Obamacare Will Reduce Income Inequality, but Quietly

Traditional measures of income don’t account for health insurance, but a new study shows the law will greatly improve the fortunes of America’s bottom fifth.

WASHINGTON, DC - JANUARY 10: U.S. President Barack Obama listens during a meeting with young citizens at Columbia Height's restaurant The Coupe on January 10, 2014 in Washington, DC. Obama met with some of the people helping with healthcare enroll efforts, their experiences in spreading the word about the importance of signing up for affordable health insurance and thanked them for their efforts. 
National Journal
Clara Ritger
Jan. 28, 2014, 10:40 a.m.

As the pres­id­ent pre­pares to sign an ex­ec­ut­ive or­der rais­ing the min­im­um wage for some fed­er­al con­tract­ors, an­oth­er of his sig­na­ture ini­ti­at­ives is quietly clos­ing the in­come dis­par­ity in Amer­ica, a new study finds.

The Af­ford­able Care Act will boost the av­er­age in­comes of the bot­tom fifth of wage earners, ac­cord­ing to a Brook­ings In­sti­tu­tion re­port, by nearly 6 per­cent in 2016.

Health in­sur­ance premi­um as­sist­ance and ex­pan­ded Medi­caid cov­er­age are two primary factors con­trib­ut­ing to the rise, the re­port says. Both pro­vi­sions tar­get low wage earners, and the cost of the pro­grams are off­set by taxes dis­trib­uted across the pop­u­la­tion.

Such a “re­dis­tri­bu­tion of wealth” has been de­mon­ized by Re­pub­lic­ans, but more than $1 tril­lion will be col­lec­ted from high- and middle-in­come earners to be made avail­able as sub­sidies for people earn­ing be­low 400 per­cent of the fed­er­al poverty line — a big step to­ward mak­ing in­come more equal in the U.S. Payroll taxes and the “Ca­dillac” tax on ex­pens­ive health in­sur­ance plans are two Obama­care pro­vi­sions that tar­get the highest wage earners in the coun­try.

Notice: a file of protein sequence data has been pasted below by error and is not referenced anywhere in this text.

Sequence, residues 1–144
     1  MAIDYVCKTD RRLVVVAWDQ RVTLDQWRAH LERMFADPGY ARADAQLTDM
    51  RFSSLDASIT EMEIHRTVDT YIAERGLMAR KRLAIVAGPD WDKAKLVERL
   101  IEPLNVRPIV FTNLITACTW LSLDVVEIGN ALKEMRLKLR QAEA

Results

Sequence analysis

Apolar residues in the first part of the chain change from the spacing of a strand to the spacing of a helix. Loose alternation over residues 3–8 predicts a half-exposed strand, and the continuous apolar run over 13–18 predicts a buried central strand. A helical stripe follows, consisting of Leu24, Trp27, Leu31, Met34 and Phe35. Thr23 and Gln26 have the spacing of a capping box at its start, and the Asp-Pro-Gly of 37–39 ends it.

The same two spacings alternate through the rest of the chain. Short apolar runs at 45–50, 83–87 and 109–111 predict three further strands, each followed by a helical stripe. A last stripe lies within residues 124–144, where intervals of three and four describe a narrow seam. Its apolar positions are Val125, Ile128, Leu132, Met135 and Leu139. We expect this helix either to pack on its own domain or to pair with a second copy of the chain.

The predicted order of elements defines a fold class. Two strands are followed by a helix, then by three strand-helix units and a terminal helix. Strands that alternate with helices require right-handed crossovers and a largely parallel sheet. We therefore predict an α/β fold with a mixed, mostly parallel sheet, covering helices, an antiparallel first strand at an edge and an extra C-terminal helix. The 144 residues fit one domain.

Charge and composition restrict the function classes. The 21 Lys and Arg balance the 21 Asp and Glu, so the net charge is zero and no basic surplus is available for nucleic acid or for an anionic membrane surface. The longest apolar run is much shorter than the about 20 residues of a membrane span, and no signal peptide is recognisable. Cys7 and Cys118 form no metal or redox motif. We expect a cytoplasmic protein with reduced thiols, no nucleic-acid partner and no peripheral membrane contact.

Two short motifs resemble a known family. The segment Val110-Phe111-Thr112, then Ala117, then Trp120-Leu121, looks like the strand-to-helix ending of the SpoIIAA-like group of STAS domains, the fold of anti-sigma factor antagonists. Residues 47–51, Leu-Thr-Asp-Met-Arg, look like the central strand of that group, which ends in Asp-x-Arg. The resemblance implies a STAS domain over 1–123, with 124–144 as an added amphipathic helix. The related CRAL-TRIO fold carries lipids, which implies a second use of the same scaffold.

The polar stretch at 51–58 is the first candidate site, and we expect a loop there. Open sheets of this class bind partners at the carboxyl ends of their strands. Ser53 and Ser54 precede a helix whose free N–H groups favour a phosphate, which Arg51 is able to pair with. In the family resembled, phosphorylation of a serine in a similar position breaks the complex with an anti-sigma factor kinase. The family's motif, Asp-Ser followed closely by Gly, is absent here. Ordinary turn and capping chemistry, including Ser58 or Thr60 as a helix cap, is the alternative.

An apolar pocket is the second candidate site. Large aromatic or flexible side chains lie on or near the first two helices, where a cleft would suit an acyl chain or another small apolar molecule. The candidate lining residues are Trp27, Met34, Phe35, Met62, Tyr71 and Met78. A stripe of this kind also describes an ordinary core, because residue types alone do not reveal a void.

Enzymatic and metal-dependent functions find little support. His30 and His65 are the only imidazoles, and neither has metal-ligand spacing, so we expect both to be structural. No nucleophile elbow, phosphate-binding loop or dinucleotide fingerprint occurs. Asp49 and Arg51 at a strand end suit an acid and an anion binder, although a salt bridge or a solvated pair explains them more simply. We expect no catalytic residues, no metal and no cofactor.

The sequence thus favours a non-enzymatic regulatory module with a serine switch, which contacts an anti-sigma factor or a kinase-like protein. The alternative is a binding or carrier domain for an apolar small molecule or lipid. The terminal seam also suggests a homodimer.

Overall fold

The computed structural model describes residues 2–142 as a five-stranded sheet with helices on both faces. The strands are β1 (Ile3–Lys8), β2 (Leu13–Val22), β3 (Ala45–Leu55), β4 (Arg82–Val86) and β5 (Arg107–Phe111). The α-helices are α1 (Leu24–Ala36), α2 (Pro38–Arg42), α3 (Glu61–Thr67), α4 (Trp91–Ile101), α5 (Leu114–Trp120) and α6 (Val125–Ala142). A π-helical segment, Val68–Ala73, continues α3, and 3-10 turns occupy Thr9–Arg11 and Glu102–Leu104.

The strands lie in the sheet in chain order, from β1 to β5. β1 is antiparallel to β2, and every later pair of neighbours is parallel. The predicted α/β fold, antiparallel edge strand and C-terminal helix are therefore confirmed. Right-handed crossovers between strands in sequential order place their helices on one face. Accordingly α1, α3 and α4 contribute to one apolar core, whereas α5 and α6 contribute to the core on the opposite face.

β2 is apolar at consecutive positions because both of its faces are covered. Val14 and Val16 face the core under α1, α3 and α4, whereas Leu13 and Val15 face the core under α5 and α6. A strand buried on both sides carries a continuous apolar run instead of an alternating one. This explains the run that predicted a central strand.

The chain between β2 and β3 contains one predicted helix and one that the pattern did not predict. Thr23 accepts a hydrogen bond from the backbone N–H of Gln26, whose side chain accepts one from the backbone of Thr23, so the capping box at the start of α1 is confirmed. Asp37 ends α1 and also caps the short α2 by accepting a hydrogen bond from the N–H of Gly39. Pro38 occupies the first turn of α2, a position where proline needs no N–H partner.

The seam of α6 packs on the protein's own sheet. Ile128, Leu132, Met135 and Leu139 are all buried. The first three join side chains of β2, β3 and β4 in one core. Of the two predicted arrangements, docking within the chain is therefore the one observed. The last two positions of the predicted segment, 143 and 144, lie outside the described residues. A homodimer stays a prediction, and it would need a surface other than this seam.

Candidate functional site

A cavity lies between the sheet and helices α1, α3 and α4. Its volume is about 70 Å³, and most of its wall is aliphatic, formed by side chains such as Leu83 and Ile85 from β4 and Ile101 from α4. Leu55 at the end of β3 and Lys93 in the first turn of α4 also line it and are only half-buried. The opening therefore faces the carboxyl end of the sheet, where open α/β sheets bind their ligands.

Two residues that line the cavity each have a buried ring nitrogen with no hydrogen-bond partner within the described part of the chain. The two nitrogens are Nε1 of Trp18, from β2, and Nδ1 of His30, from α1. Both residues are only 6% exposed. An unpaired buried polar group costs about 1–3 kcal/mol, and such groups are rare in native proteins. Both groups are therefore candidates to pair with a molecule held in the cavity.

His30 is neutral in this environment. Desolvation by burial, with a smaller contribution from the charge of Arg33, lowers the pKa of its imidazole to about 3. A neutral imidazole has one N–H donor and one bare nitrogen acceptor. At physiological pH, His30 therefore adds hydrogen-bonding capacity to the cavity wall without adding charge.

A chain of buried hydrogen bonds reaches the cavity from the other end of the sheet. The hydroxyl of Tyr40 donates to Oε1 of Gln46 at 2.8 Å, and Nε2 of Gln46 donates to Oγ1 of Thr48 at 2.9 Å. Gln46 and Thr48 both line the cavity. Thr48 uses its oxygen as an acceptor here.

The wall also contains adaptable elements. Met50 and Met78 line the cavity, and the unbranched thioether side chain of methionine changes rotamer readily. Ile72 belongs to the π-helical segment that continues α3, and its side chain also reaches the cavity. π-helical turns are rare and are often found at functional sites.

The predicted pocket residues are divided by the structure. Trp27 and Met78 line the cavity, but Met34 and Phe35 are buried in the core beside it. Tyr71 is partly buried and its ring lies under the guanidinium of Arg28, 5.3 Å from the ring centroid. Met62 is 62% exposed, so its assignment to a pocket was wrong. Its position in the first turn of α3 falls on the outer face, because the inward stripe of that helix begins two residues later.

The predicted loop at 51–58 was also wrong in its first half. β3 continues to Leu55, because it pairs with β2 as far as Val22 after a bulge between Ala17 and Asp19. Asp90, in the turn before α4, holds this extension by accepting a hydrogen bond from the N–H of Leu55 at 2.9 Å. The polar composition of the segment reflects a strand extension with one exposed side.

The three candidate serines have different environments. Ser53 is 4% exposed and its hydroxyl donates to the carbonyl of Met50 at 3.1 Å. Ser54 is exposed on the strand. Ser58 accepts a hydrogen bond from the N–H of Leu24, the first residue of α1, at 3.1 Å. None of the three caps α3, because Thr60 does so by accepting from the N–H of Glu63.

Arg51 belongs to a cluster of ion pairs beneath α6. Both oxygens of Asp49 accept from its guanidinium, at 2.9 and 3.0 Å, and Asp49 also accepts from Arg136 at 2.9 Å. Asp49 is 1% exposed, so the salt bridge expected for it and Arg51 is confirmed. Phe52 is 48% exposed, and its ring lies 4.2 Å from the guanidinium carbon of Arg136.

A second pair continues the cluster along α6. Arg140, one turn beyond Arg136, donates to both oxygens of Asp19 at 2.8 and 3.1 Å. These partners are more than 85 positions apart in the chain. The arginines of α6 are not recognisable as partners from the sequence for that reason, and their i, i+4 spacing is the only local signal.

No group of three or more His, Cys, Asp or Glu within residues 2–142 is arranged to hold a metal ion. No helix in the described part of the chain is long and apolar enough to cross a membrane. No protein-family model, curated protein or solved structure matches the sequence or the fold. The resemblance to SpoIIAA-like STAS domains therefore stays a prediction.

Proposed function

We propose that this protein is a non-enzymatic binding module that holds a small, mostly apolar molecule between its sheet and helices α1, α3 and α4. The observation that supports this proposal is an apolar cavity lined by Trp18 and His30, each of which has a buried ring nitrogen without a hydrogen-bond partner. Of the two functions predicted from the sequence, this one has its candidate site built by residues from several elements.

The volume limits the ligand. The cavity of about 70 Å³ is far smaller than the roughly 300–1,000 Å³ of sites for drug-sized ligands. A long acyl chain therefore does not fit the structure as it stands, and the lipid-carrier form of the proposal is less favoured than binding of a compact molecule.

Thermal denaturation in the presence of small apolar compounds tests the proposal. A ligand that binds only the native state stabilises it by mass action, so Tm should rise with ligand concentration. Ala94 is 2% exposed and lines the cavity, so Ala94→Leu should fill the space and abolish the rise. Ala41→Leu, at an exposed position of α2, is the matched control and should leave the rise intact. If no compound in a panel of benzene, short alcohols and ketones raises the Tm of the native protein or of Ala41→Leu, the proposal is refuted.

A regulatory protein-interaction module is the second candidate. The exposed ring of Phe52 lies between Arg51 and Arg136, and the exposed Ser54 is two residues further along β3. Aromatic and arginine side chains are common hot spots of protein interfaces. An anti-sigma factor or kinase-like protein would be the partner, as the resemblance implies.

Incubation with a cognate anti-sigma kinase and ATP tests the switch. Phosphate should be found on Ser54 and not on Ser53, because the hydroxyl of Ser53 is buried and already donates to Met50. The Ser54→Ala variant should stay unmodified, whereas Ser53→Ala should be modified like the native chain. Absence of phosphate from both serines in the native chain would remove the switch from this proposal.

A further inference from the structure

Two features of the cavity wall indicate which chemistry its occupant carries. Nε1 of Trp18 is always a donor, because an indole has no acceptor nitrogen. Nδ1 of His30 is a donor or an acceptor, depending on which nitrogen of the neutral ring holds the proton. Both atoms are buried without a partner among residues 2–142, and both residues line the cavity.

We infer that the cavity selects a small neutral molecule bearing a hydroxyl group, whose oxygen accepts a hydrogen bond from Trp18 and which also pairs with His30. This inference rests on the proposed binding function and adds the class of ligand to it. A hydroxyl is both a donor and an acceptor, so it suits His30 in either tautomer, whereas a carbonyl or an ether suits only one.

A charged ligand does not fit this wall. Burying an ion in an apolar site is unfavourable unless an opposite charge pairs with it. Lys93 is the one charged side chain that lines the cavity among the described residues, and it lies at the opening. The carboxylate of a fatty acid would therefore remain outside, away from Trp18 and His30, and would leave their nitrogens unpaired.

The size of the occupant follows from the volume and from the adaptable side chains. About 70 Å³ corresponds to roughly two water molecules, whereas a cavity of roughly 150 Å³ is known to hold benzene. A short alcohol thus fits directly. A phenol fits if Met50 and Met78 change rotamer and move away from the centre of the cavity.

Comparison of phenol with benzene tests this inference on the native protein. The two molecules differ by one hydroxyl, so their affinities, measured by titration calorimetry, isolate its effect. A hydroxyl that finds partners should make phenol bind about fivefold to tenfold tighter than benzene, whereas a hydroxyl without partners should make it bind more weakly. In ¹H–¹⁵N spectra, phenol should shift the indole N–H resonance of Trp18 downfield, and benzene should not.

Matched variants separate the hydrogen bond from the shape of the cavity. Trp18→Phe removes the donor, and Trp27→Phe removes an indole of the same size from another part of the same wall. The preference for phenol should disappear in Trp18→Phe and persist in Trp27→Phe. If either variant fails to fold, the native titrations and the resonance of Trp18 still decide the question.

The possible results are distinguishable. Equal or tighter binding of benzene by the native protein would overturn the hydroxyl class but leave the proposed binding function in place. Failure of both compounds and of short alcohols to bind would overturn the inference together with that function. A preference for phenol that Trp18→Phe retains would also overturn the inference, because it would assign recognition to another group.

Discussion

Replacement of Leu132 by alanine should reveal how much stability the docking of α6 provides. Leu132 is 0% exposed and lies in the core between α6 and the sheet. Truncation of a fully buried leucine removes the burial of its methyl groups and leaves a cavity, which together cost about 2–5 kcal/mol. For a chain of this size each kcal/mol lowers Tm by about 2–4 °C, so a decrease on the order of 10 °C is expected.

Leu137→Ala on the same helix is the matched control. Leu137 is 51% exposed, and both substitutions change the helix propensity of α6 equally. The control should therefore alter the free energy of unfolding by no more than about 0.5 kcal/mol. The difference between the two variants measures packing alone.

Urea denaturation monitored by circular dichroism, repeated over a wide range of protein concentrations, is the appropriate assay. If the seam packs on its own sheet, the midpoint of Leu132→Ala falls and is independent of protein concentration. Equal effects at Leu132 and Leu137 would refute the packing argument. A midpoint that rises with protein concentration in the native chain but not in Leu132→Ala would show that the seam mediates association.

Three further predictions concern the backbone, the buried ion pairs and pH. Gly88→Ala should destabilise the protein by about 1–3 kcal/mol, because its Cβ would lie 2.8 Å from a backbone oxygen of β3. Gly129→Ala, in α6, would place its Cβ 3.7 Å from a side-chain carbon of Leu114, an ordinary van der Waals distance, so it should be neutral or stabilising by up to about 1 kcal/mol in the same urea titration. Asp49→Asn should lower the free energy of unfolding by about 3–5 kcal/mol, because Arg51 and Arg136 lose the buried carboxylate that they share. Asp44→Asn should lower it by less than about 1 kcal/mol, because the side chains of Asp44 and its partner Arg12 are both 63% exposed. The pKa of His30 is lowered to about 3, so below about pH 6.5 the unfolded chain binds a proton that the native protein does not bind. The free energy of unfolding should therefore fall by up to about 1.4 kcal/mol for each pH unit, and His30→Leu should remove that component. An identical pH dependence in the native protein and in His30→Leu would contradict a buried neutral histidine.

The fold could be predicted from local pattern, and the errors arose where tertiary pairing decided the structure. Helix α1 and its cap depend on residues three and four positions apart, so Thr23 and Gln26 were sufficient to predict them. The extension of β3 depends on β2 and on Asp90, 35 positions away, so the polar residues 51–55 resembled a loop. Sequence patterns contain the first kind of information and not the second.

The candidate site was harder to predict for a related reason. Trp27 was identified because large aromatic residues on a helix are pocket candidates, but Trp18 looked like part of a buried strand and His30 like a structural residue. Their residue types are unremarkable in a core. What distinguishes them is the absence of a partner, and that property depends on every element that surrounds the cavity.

But low-in­come, eld­erly, and minor­ity Amer­ic­ans will also be ad­versely af­fected by cuts to the Medi­care pro­gram, as well as by the de­cision by roughly half of states to opt out of Medi­caid ex­pan­sion. It’s partly why the bot­tom tenth of wage earners will only see an av­er­age in­come rise of roughly 7 per­cent as the law takes ef­fect.

“The Af­ford­able Care Act does not do a lot for the bot­tom decile be­cause we’ve already taken care of the bot­tom decile,” said Mar­ilyn Moon, dir­ect­or of the non­profit, non­par­tis­an Amer­ic­an In­sti­tutes for Re­search Cen­ter on Aging. “What it does is fill in the be­ne­fits for more Amer­ic­ans at the bot­tom.”

To read the com­plete study, click here.

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